Ramesh Davesar examines the perception whether the threat of accessing of nuclear technology by terrorists’ outfits is real
The awareness that the world community is gradually getting seized of the “Nuclear Terrorist” syndrome has led to the institution of various proactive counter measures. In terms of history this fear was expressed way back at the conclusion of Second World War when the US Congress convened an emergency meeting and quizzed Dr J Robert Oppenheimer- Father of atomic bomb, on measures of preventing smuggling of nuclear technology to “Non State Actors”. Though nothing substantive came out nor any follow up measures were initiated by the US, but all the same it established the imminence of such a threat later becoming a reality.
This looming suspicion resurfaced with the civil unrest and insurgency engulfing more areas during subsequent periods in the sixties and seventies when the fear of insurgents laying their hands on Nuclear-Biological-Chemical (NBC) weapons became more likely with the reports of insurgents acquiring the capability of executing “in transit robbery” of nuclear weapons and technology. The threat became more strong after the Munich Massacre of Israeli athletes in 1972 which forced global power blocks to collectively institute preventive measures. And now the cumulative manifestations of these apprehensions are fast becoming reality as the present crop of insurgents are hell bent on acquiring nuclear and the chemical weapons(NCW). In 2011, it was vindicated by the British Telegraph when they received a threat of “nuclear hell storm” from Islamic Fundamentalists which was followed by similar threats by the Al Qaida to US after the Osama episode.

Coupled with the conjoint incidents of smuggling technology know how by AQ Khan to Iraq, North Korea and Al Qaida, instances of roping in rogue scientists in acquiring nuclear technology could not be taken lightly and needed to be addressed with all seriousness. The findings of the International Atomic Energy Agency (IAEA) indicated that there have been 1266 incidents of illicit trafficking of nuclear raw material and technology since 2000 which lead to the deduction that the terrorist outfits can well exploit these developments to their advantage.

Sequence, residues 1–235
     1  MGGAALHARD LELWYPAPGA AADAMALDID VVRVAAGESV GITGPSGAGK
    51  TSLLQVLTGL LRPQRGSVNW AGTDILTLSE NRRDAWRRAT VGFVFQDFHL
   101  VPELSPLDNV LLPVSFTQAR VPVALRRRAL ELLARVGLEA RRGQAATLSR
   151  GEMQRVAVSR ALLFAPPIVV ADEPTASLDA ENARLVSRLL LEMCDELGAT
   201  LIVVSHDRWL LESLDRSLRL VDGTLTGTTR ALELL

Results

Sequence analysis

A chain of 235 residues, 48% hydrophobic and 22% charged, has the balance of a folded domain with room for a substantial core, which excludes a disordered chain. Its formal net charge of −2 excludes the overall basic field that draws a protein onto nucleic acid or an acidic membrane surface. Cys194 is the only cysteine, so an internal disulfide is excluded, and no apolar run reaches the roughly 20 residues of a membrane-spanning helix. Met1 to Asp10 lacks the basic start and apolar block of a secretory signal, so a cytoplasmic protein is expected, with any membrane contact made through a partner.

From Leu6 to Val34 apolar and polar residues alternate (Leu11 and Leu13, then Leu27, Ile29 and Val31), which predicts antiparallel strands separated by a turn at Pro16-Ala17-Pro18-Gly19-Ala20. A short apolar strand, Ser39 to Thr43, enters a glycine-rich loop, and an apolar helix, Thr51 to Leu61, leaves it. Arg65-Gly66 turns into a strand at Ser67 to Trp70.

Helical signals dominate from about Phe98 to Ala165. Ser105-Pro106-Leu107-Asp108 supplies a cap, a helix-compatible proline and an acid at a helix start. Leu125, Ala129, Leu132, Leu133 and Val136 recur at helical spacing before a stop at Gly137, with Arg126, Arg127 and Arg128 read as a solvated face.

As per the International Convention for Suppression of Acts of Nuclear Terrorism, the term Nuclear Terrorism (NT) implies, “is an offence when a person or an organisation unintentionally or intentionally uses in anyway radioactive material with intent to cause death or damage to the State”. Simply understood, the devices could be in the form of “Dirty Bomb or the Suitcase Bomb” (a concoction of radioactive material with the conventional explosives.
It is widely believed that due to a loosely managed nuclear scenario emanating from the close connect between the terrorist outfits with the insiders working in the nuclear establishments, Pakistan has become the “ground zero” in assisting terrorists in laying hands on nuclear technology or in the worst possibility- the devices. Terrorists attacks on three military nuclear centres in the recent times further consolidated the fear of their vulnerability to the terrorists’ designs. More recently the Tehrike Taliban Pakistan (TTP) celebrating their recent strikes in Karachi, claimed to have acquired nuclear technology, are also reported to have stockpiled huge quantity of poisonous chemicals.